Background. Our study evaluates a series of video-assisted minimally invasive mitral operations, showing safe progression toward totally endoscopic techniques. Methods. Consecutive patients with isolated mitral valve disease underwent either manually directed (n=55) or voice-activated robotically directed (n=72) video-assisted mitral operations. Cold blood cardioplegia, a transthoracic aortic clamp, a 5-mm endoscope, and a 5-cm minithoracotomy were used. This video-assisted minimally invasive mitral operation cohort was compared with a previous sternotomy-based mitral operation cohort (n=100). Results. Group demographics, New York Heart Association classification, and cardiac function were similar. Repairs were performed in 61.8% manually directed (n=34), 75.0% robotically directed (n=54), and 54% sternotomy-based (N=54) mitral operations. The robotically directed technique showed a significant decrease in blood loss, ventilator time, and hospitalization compared with the sternotomy-based technique. Manually directed mitral operations compared with robotically directed mitral operations had decreased arrest times (128.0±4.5 minutes compared with 90.0±4.6 minutes; p<0.001) and decreased perfusion times (173.0±5.7 minutes compared with 144.0±4.6 minutes; p<0.001). In the minimally invasive mitral operation cohort, complications included reexploration for bleeding (2.4%; n=3) and one stroke (0.8%), whereas the 30-day mortality was 2.3% (n=3). Conclusions. Video-assisted mitral surgery provides safe and effective results when compared with conventional sternal approaches. These positive results show a safe and stepwise evolution toward a totally endoscopic mitral valve operation. © 2001 by The Society of Thoracic Surgeons.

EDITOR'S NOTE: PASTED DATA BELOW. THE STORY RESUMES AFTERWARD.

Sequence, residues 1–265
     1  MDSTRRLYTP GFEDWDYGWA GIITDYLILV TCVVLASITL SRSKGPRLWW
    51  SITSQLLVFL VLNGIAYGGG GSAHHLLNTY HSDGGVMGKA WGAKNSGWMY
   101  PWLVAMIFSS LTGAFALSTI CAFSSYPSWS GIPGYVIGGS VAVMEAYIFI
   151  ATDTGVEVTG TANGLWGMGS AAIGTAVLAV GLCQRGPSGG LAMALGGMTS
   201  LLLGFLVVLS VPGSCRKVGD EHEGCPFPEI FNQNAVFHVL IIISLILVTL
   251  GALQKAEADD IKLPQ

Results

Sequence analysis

Felger, J. E., Chitwood, W. R., Nifong, L. W., & Holbert, D. (2001). Evolution of mitral valve surgery: Toward a totally endoscopic approach. Annals of Thoracic Surgery, 72(4), 1203–1209. https://doi.org/10.1016/S0003-4975(01)02978-2